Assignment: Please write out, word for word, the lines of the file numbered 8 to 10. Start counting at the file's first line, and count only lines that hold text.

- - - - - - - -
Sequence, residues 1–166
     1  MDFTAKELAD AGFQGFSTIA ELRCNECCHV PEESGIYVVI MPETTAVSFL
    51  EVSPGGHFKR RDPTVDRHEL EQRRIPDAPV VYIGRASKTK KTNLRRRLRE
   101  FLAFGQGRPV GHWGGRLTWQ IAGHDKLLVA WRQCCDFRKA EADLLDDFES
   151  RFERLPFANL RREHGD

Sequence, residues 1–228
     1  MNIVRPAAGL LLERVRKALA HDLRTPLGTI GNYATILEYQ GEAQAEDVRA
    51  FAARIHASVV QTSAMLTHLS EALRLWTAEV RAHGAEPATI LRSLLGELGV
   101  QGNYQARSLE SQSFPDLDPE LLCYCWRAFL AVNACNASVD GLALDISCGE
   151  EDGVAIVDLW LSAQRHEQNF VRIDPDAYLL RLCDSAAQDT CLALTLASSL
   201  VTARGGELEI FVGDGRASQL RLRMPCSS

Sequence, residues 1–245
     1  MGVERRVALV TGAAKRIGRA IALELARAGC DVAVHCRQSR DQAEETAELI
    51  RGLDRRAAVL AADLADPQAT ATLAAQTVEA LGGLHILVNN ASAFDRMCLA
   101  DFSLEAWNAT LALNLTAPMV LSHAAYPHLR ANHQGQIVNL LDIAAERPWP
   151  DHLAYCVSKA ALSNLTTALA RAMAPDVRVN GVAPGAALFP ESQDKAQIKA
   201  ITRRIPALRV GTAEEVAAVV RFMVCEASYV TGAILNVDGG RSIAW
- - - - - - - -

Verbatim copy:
    51  FAARIHASVV QTSAMLTHLS EALRLWTAEV RAHGAEPATI LRSLLGELGV
   101  QGNYQARSLE SQSFPDLDPE LLCYCWRAFL AVNACNASVD GLALDISCGE
   151  EDGVAIVDLW LSAQRHEQNF VRIDPDAYLL RLCDSAAQDT CLALTLASSL